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In Five Charts: How to Have a Happy Career

Congratulations, Class of 2016. More than three million of you will add a bachelor’s, master’s, or doctorate degree to your resume this year, according to the National Center for Education Statistics. Now it’s time to launch and enter the working world.

At Earnest, we recently conducted a survey of 1,005 people from ages 18 to 44 across the United States about how they found their most recent job — and what made them happiest on the job once they had it. Here’s what the data said.

short-job-searches-best

The shorter the length of a job search, the happier you might end up feeling about the job. Job searches of more than a year are associated both with less happiness and lower income. That said, people at higher household income levels (above $75,000) are also most likely to have job searches on the longer side (one to six months), likely because there are fewer jobs as you rise in the ranks.


use-personal-connections

They call it “climbing the ladder” for a reason. People who use personal connections and previous internships to get a job are happier, according to the survey.

 


Bar graph showing that people who negotiate their job offer, or didn't negotiate because they were happy with their offer, are much more likely to be happy with the resulting job than people who simply forgot to negotiate.

People who negotiated their last job offer — or made a deliberate decision not to negotiate because they were happy with their offer—report being substantially happier than people who either forgot to negotiate or who were overly going with the flow. The takeaway? Be deliberate. The more actively you play a role in the outcome, the happier you may be compared to taking a more passive stance.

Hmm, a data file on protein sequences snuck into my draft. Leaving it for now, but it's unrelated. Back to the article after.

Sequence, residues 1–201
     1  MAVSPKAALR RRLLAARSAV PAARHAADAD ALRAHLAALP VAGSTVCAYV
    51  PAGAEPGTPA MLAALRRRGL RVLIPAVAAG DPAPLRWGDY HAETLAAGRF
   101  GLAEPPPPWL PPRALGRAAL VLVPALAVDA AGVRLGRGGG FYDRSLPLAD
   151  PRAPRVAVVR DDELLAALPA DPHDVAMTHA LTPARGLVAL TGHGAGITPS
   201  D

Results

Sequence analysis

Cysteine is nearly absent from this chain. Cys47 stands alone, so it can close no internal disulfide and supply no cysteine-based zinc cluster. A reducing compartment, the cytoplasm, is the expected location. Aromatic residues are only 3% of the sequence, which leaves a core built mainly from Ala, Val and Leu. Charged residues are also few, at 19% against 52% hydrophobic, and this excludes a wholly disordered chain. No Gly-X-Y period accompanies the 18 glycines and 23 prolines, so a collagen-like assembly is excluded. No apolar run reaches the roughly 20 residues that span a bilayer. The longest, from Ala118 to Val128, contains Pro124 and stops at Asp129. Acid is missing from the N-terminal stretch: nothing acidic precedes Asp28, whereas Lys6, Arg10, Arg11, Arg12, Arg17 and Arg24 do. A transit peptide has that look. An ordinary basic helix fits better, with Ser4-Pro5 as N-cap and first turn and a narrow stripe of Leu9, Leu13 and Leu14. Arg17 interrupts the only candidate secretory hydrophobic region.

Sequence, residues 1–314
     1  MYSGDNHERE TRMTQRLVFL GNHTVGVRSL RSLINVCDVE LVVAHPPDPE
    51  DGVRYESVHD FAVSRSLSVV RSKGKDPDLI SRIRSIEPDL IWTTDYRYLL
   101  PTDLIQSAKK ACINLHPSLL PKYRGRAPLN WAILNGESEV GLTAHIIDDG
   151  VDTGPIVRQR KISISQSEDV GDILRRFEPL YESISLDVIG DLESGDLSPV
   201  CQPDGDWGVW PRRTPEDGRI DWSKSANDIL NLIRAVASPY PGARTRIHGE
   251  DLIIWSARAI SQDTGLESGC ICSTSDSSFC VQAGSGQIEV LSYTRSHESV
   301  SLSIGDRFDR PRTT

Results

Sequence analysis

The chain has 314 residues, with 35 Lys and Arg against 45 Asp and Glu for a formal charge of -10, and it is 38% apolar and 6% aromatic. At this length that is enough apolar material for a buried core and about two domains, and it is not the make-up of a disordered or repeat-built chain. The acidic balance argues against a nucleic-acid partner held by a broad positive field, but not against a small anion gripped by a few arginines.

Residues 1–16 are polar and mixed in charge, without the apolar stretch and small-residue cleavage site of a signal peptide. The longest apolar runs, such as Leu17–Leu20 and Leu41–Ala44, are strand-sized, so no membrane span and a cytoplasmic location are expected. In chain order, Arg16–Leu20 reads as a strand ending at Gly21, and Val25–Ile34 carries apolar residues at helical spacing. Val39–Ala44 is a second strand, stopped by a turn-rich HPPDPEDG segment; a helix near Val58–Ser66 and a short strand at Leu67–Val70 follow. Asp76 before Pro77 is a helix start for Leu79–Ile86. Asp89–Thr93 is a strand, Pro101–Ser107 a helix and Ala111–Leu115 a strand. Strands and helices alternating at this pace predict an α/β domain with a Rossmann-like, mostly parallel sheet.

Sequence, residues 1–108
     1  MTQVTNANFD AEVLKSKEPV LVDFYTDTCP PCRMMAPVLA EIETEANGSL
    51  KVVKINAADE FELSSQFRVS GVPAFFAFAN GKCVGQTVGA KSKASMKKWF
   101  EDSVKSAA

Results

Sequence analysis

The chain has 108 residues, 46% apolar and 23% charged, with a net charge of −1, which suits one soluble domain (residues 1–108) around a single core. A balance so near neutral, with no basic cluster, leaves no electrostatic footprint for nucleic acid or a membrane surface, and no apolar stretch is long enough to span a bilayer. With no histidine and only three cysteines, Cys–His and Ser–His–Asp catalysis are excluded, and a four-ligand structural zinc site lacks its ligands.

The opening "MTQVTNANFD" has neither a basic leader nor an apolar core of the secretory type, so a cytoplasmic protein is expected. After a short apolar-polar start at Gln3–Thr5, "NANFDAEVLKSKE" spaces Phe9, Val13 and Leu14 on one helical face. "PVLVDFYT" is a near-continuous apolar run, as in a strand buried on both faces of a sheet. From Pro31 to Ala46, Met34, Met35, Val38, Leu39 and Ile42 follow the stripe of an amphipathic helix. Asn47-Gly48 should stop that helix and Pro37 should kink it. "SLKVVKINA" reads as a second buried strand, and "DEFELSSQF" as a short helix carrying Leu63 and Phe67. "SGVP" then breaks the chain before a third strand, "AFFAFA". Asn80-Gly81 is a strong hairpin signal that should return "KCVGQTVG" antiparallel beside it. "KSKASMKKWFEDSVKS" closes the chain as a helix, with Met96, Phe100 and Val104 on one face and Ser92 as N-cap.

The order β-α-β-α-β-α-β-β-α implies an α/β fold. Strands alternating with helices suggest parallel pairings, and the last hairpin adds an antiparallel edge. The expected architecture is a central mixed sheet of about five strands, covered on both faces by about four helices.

negotiate-for-pay

More money or more working remotely? Our survey results show that both are important things to negotiate for, but salary and equity (or other financial incentives) nose ahead of other factors when it comes to happiness with your job.


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However, also, consider seeking or negotiating for a job that has more vacation/schedule flexibility or, more training/advancement opportunity, or support for remote work. These are the things people are most likely to care enough about that they’re willing to give up 10% of their salary.

The bottom line

A new job is likely to generate a wide range of emotions. However, people who are happy with their job did these above things, according to the data. In sum: Don’t delay in your job search, use your personal networks, and then ask for what you want. Good luck out there!

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Earnest is a technology company using software automation, smart design, and exceptional service to restore trust in the lending industry and help clients take control of their finances.